Here’s everything we know so far about the 2022 iPad Pro


Apple is set to release another generation of iPad Pro in 2022. A year after the model with the M1 chip, miniLED display, and 5G support was first introduced, the company is rumored to launch an even better iPad Pro this year with the upcoming M2 chip.

Design and display: no miniLED 11-inch model

Rumors regarding a new design for the iPad Pro 2022 started in June 2021. According to Bloomberg’s Mark Gurman, this iPad could feature a glass back to enable wireless charging, most likely via MagSafe. Then, in December, the journalist corroborated with his previous report.

Wireless charging replaces the usual power cable with an inductive mat, which makes it easier for users to top up their device’s battery. It has grown into a common feature in smartphones but is a rarity among tablets. Apple added wireless charging to iPhones in 2017 and last year updated it with a magnet-based MagSafe system that ensured more consistent charging speeds.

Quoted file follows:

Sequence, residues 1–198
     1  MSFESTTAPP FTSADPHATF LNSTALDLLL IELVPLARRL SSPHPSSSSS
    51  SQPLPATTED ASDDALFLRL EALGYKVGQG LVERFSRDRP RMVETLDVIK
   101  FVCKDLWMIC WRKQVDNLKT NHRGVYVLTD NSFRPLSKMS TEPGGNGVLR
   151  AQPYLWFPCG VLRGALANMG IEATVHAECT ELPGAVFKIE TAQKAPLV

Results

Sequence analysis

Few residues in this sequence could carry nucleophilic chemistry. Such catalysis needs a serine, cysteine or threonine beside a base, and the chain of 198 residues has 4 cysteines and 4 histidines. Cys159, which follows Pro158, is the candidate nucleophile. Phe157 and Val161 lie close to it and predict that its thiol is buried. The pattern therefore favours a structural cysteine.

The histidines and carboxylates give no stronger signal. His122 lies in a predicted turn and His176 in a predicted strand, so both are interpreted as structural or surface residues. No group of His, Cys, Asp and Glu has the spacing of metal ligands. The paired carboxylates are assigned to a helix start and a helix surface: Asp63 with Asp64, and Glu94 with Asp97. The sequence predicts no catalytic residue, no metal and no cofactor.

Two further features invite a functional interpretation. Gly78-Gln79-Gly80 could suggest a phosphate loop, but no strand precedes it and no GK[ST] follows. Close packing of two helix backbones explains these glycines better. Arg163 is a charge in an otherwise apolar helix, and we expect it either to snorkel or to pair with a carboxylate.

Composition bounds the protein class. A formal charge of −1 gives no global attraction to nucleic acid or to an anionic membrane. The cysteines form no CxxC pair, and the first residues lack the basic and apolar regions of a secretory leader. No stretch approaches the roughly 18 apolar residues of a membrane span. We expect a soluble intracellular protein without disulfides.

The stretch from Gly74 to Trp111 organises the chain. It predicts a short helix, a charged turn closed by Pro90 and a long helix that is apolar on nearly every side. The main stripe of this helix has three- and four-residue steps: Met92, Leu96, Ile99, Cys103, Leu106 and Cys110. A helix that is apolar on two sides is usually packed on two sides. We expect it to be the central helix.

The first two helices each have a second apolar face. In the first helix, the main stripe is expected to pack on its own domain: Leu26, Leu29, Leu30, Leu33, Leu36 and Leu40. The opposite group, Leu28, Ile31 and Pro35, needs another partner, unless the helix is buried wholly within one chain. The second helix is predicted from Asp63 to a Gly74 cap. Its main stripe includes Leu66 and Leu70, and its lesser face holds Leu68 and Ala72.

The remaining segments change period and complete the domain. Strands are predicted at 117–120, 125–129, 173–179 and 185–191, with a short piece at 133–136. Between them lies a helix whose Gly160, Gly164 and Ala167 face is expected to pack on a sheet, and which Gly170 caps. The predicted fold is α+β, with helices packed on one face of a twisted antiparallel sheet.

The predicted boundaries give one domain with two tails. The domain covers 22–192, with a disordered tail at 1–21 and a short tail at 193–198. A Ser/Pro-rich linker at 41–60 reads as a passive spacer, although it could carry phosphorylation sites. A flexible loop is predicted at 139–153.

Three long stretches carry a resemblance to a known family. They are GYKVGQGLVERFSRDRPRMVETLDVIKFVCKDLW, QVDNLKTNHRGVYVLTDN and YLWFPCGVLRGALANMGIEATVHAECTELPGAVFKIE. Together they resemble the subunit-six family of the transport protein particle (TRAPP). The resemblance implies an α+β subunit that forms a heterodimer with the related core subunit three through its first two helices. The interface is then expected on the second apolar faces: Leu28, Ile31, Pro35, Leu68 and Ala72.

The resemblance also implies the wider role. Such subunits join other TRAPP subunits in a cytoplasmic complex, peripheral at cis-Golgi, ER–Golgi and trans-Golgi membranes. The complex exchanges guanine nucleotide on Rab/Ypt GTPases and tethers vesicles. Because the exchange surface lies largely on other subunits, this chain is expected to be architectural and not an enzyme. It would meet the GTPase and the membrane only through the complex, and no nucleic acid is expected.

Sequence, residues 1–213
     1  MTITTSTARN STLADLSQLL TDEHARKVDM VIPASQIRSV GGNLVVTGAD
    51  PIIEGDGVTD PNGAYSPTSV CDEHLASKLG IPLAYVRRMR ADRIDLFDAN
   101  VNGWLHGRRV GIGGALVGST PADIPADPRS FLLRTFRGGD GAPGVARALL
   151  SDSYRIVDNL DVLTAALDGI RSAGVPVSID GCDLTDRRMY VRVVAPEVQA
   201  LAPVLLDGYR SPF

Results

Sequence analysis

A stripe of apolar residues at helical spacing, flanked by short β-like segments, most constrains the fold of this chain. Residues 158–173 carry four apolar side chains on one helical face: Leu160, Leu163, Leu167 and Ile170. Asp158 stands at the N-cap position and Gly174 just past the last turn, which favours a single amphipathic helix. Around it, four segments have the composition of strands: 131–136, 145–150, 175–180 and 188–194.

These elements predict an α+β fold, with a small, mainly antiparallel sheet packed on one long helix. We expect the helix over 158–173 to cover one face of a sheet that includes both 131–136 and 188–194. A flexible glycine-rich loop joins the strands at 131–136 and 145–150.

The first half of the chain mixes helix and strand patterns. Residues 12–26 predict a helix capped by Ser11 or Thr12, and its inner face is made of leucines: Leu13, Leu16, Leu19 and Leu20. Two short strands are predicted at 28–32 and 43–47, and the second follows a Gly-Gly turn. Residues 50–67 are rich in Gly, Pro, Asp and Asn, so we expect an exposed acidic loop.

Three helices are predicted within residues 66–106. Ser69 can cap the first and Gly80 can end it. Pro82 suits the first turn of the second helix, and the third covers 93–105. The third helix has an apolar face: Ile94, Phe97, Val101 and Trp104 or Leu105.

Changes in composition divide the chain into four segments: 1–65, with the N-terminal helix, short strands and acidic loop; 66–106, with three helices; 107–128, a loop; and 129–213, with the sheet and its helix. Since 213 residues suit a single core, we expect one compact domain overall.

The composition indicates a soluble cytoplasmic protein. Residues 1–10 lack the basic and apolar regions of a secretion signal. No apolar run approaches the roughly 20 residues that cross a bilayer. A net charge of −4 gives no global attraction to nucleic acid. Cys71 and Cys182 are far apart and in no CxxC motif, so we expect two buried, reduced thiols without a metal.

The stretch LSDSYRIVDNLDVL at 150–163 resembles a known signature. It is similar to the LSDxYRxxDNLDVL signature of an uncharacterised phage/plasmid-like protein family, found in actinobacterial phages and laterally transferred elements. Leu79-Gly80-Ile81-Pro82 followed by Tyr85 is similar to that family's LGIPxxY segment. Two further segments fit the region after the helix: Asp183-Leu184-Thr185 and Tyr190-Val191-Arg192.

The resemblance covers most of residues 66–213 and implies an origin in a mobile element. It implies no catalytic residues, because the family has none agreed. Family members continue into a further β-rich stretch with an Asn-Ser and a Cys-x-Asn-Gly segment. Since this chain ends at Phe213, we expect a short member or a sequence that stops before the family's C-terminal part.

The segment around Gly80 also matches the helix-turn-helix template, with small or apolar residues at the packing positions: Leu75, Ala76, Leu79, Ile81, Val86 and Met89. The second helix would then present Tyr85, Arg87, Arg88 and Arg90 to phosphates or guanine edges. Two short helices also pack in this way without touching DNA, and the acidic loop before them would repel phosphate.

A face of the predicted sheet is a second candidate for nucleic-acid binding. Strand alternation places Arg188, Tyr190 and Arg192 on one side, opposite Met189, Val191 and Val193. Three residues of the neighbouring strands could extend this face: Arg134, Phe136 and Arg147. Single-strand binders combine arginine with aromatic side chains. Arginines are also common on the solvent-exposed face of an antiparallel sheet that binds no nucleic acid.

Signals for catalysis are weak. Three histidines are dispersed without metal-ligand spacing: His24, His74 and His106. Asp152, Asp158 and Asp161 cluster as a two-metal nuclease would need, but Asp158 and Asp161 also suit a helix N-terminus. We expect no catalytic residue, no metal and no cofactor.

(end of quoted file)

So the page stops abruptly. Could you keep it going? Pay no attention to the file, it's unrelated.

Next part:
The company is testing a similar MagSafe system for the iPad Pro. Wireless charging will likely be slower than directly plugging in a charger to the iPad’s Thunderbolt port, which will remain as part of the next models.

In January 2022, 9to5Mac was able to discover that Apple hit a roadblock in its plans to redesign the iPad Pro with MagSafe. While the company was testing a full glass back on the iPad Pro 2022, it became a drawback as it would make the product easier to damage and also much more fragile.

According to our sources, the company has developed iPad Pro prototypes with a larger Apple logo (similar to the one on the new MacBook Pro), but this one is made of glass. As a result, power would be transmitted through the glass logo. The prototype also has stronger magnets to prevent accidents, and it supports charges at faster speeds than MagSafe for iPhone.

About its display, Apple is likely to maintain two different sizes: 11-inch and 12.9-inch. Although it was rumored that the 11-inch model would switch the LCD panel for a miniLED display, analysts Ross Young and Ming-Chi Kuo recently said that Apple will keep the LCD technology for the smaller iPad due to high costs of production.

Processor and storage capabilities

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